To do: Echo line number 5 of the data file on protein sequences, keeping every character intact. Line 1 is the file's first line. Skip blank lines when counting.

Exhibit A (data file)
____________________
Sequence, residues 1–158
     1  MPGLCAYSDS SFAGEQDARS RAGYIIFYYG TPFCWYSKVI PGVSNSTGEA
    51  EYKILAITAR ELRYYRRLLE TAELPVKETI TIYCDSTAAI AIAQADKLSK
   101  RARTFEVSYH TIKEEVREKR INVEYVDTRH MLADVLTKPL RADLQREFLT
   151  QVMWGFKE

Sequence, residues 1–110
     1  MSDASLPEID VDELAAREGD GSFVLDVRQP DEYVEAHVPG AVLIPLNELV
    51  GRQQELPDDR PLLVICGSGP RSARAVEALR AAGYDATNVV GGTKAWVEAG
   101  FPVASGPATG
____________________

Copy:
   151  QVMWGFKE